Several findings may alert physicians to potential complications to treatment with buprenorphine. Alcohol use may complicate buprenorphine treatment; indirect indicators of excess alcohol use include elevated mean corpuscular volume (MCV) and gamma glutamyl transpeptidase (GGT). Liver enzyme abnormalities also may suggest liver disease from toxicity, infection, or other factors. Additional biomedical markers such as Carbohydrate-Deficient Transferrin (CDT) may provide further objective information on screening and confirmation of acute or recent alcohol consumption, relapse to use, heavy or harmful use, and alcohol-related organ dysfunction. Guidance on liver disease in patients who are addicted to opioids will be available from SAMHSA's Division of Pharmacologic Therapies (DPT) Web site at http://www.dpt.samhsa.gov

As described elsewhere, pregnancy,  HIV treatment, and  active hepatitis or liver disease also may complicate treatment with buprenorphine. Pregnant women may not be optimal candidates for buprenorphine treatment.    HIV -positive status does not preclude buprenorphine treatment, but as -yet -unrecognized antiretroviral medication interactions with buprenorphine may potentially interfere with treatment. Positive results on hepatitis B surface antigen testing indicate active HBV infection, possibly associated with active hepatitis. Further testing (e.g., serial enzymes) may be indicated to determine whether HBV infection complicates buprenorphine treatment. Hepatitis B information for health professionals can be accessed on the Centers for Disease Control and Prevention (CDC) website  at:                                                                       http://www.cdc.gov/ncidod/diseases/hepatitis/b/index.htm.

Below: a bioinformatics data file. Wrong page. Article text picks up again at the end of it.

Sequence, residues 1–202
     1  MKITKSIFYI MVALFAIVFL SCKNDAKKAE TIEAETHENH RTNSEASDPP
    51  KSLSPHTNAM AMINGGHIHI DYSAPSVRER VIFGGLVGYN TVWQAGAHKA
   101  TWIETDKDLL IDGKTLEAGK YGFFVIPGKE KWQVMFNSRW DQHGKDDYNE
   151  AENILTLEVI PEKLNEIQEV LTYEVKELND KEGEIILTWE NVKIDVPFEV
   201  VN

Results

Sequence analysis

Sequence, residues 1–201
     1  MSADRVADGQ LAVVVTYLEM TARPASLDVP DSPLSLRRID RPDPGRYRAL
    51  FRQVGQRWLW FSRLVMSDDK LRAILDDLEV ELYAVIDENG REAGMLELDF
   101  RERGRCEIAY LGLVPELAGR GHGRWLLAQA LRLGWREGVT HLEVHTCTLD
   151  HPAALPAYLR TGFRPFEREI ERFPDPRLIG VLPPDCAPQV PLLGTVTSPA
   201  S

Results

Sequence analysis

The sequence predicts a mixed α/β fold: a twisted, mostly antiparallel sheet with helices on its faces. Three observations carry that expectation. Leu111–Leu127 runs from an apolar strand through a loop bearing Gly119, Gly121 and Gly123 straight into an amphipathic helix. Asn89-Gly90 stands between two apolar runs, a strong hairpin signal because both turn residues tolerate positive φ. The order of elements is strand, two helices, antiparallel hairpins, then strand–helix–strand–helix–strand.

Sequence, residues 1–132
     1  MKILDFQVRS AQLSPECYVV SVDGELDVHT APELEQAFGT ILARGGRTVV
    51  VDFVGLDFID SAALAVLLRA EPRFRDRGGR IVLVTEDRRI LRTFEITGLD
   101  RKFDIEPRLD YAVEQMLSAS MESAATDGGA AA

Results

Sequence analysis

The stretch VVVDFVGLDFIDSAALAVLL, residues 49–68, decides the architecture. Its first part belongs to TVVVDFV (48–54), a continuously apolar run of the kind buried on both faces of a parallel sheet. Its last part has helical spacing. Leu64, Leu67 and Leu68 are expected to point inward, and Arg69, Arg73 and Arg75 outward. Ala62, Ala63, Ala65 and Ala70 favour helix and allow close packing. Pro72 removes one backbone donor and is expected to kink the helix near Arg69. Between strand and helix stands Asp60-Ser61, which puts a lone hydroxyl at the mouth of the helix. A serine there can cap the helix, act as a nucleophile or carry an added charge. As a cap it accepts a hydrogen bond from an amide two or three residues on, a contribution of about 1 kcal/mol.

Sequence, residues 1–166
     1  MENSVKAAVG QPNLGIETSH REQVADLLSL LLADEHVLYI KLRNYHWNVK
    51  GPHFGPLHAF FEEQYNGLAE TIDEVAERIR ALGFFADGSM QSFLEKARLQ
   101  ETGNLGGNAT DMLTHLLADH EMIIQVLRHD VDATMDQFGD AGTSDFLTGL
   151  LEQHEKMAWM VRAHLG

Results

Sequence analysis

A confirmed positive hepatitis C antibody test indicates current or past infection with HCV. Patients who test positive for HCV should be further evaluated and treated according to the most up-to-date recommendations. Training for health professionals on Hepatitis C  is available on the Center For Disease Control Website at:  http://www.cdc.gov/ncidod/diseases/hepatitis/c_training/edu/default.htm.